The coronavirus isn't the only thing plaguing East Africa. Amid a global pandemic, people in this region of the world are also contending with another "extremely serious" threat to their lives and livelihoods: locusts.
After one of the wettest years on record, these voracious insects have been gathering forces since 2019, as weather conditions allowed them to breed generation upon generation.
Swarming in the trillions, they are destroying precious pastures and crops in what is considered the worst regional locust plague in decades, from Kenya through Ethiopia and Yemen, reaching as far as parts of northern India.
While many are justifiably worried about famine and the economic fall-out of these swarms, entomologist Dino Martins sees them as a more existential warning from nature.
"As terrifying and as dramatic as they are," he told the Harvard Gazette in a recent interview, "there is a deeper message, and the message is that we are changing the environment."
Martins works at the Mpala Research Centre in northern Kenya, and he says there's no question about it: local environmental degradation, overgrazing, deforestation and the expansion of deserts are creating ideal conditions for more and more locusts to breed.
The first major swarms emerged late last year, after unusually warm and wet weather, and they numbered in the hundreds of billions. Come April, the next generation hit the skies, this time in the trillions. The third generation is expected to take off this July in even larger numbers.
"When you're in a swarm, especially if it's just as they're getting moving, it's actually quite an incredible experience, " Martins told the Harvard Gazette.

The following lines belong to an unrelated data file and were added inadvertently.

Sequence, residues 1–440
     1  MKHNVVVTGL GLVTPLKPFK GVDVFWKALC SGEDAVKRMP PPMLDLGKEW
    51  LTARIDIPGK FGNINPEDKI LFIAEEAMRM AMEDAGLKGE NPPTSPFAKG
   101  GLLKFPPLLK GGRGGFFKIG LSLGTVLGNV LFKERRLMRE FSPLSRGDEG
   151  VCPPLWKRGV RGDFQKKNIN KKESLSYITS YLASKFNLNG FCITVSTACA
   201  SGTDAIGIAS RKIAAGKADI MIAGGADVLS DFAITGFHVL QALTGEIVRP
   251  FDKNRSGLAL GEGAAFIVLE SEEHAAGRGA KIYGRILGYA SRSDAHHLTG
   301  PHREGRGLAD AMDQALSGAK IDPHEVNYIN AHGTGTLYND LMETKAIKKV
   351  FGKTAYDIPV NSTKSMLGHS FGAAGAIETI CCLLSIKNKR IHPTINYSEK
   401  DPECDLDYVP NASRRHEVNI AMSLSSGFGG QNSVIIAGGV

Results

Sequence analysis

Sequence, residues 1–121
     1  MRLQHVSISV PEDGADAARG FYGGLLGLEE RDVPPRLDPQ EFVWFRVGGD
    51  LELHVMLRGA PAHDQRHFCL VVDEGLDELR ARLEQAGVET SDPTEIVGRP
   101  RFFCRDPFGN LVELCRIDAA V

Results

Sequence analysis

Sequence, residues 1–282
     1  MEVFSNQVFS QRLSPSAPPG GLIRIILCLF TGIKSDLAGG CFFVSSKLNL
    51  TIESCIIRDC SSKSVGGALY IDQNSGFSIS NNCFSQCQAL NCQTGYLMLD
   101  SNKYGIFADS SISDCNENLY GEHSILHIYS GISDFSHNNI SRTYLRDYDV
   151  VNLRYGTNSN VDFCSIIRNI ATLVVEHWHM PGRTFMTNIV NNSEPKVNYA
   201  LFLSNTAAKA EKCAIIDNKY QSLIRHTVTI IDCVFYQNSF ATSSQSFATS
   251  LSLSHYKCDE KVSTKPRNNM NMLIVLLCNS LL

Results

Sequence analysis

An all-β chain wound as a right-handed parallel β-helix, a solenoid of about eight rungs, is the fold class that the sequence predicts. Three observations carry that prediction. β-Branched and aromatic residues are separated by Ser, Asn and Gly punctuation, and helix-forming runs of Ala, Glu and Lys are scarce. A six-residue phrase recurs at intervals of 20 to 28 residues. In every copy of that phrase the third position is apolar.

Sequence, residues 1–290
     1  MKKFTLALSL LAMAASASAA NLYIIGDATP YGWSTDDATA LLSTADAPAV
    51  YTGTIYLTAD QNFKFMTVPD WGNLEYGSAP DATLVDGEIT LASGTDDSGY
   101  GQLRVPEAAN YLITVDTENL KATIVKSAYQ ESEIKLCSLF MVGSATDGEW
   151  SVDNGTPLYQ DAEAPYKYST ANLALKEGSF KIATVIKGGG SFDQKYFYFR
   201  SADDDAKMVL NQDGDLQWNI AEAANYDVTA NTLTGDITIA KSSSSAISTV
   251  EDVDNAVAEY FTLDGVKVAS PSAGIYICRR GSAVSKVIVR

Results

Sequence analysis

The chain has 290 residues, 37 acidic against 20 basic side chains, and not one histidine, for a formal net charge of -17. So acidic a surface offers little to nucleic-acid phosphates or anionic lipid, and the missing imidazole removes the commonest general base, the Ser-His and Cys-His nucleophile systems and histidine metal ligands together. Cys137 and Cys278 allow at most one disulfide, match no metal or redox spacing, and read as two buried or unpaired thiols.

"You see, they change colour when they're young - they're more pinkish and then as they mature they become yellow - so when they are flying around you at that stage, you have all these pink and yellow wings whirring around and a slightly nutty smell of the locusts surrounding you and lots of birds feeding on them."
Today, these insects are commonly controlled with pesticides sprayed from helicopters overhead. But that route obviously comes with consequences to human health, and the health of our environment.
Climate change, after all, is altering our weather patterns and bringing more rain to this part of the world, which will only see locusts thriving more.
Rick Overson, who works at Arizona State University's Global Locust Initiative, told NPR recently that he thinks our current solutions are too small in scope. In the end, he says they will only tire us out.
"It's hard to maintain funding and political will and knowledge and capacity building when you have these unpredictable boom and bust cycles that could play out over years or decades," says Overson.
"The drama and spectacle of the outbreak right now is important to cover, but the more nuanced narrative involves the slow, ratchet method of building infrastructure: If you wait until it's reactive and forget about it until it happens again, we're going to be in this situation forever."
So far, over half a million hectares of land in this region of the world have been treated with pesticides, and, according to the Food and Agriculture Organization (FAO), that has saved enough crops to cover basic cereal requirements for nearly 8 million people.
But treating huge swathes of land with pesticides is terrible for biodiversity. Even if you don't care a thing for locusts, there are clearly other animals to consider. As farmers grow desperate to preserve their crops, more of them are indiscriminately spraying pesticides.
Bill Hansson, a chemical ecologist from the Max Planck Institute in Germany, told Bloomberg he's worried that we will kill other crucial insects, such as bees, in the process.
As heavy rains continue to undermine the efforts to control the locusts, the director general of FAO, Qu Dongyu, recently asked for time and cooperation.
"Our gains have been significant, but the battle is long and is spreading to new areas," Qu said. "It is clear that we cannot declare victory yet. Upsurges of this magnitude are rarely defeated in a few months."
In combination with COVID-19, Qu warned there could be catastrophic consequences on local livelihoods and food security.
Half a world away, Argentina is battling a separate locust swarm of huge proportions, and it's threatening to spill over to Paraguay, Uruguay and Brazil. Experts suspect this event might also be linked to climate change.
2020 is not looking good.